Madam Speaker, after the fire and brimstone of recent minutes, which reminded me of a Wagnerian opera performed by a travelling company in a provincial town, I would like to return to the subject of the debate, which is the motion moved by the leader of the Reform Party and the amendment moved by the leader of the government in the House. That concerns the issue of constitution making in our times and this issue of federalism.
I will come back to a point raised by the Reform Party which is a criticism of the government for a failure to define what the leader of the Reform Party has said, a constitutional program for the Quebec referendum.
There is a time when it is ripe for constitution making in any society but in the majority of times, it is just not simply right. The only successful ventures in constitution making occur in a period of national euphoria, a national consensus usually following on a great military victory or a great revolution. We have not had those in Canada and therefore changes have had to be made on a basis of pragmatic incremental adjustment on a step by step basis. It has worked rather well.
A problem that is basic to the Reform Party leader's program is that there are, as President Franklin Roosevelt used to say: "Too many ifs there": if a certain party should win a certain election in a province, if it should then go on to a referendum, if it should then win a referendum, if it should then decide the majority is enough to ask for negotiations and if, finally, the other party should itself decide the numbers are sufficient to give credibility to the vote and to warrant negotiations in return.
It is a counsel of folly to suggest defining constitutional conditions for an iffy situation of this sort. A Constitution is as Mr. Justice Owen Roberts of the United States Supreme Court once said: "A constitution is not a railway excursion ticket good for one particular journey at one particular time and one particular place". The ideas you put forward have to have a long range currency.
One has the feeling that constitution making is being put forward as it was in the Mulroney era as a substitute for serious substantive thinking on economic matters. We want no more of the travelling circuses of Meech and Charlottetown. They were a failure and not the answer to the problems of the time.
If I may venture the critique of the Reform Party constitutional agenda, it is that there is an absence of a coherent overall vision. It seems to be a collection of ad hoc responses to a particular problem in which the deemed political advantage seems to be very high.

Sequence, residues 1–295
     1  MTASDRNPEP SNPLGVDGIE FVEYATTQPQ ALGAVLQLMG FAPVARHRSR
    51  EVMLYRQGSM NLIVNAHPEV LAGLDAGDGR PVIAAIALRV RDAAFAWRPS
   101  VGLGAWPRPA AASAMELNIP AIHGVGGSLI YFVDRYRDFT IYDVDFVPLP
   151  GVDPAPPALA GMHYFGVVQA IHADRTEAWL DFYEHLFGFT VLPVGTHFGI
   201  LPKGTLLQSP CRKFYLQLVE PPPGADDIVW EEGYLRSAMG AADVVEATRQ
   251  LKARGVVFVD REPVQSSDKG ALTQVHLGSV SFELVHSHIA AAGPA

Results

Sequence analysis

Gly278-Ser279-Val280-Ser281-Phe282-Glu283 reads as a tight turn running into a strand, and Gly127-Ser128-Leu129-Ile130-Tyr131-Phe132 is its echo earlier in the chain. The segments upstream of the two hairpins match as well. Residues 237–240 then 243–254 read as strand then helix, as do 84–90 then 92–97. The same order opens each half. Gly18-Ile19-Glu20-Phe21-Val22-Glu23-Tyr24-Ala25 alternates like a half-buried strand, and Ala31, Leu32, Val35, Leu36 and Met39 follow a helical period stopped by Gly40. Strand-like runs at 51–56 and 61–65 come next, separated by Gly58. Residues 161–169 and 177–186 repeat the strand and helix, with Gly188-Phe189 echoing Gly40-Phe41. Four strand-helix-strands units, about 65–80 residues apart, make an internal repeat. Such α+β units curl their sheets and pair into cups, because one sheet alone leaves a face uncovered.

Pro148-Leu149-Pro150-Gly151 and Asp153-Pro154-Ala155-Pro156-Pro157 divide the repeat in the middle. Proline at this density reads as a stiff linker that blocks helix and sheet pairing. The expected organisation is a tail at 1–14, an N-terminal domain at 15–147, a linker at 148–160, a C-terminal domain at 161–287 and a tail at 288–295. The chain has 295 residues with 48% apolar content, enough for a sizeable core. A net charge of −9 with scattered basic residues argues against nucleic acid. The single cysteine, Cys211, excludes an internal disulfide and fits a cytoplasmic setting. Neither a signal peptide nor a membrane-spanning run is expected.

I noted and agreed with some of the criticisms made by the Reform Party on Bill C-18 but I deplore the total absence of substantive ideas on electoral reform which go to the core of the constituent process and are more important than the constitutional processes themselves.
I also wonder if the emphasis on the constitutionally acute proposals; referendum, initiative and recall do not disguise the absence of more fundamental thinking and depth on more fundamental issues such as the relationship between executive and legislative power and the need for a strong countervailing power, whether legislative or judicial, to the imperial executive that one is tended to have in Westminster derived constitutional systems today.
Finally on native Indian self-government I find enormous ambiguity that needs resolution and perhaps disguises political divisions within a party.
Let us return to the issue. What is the approach of the Liberal government on the Quebec issue? At this stage we can say there are some limiting parameters and these need to be said. The federal government has a totality of constitutional power to
control and determine the holding of a referendum by a provincial government on a subject such as leaving the federal system.
For political reasons which were no doubt right and proper in 1980 the decision was made not to exercise those. The controlling parameters today would certainly include the ability to scrutinize a question and make sure that it is clear and unambiguous and not like the deliberately cloudy formula put forward in October 1980.
Second, there is a necessary control of the timing and I think it is clear that this will be the last referendum allowed. We cannot have the country on roller skates going from one referendum to another year after year; once more, no more after.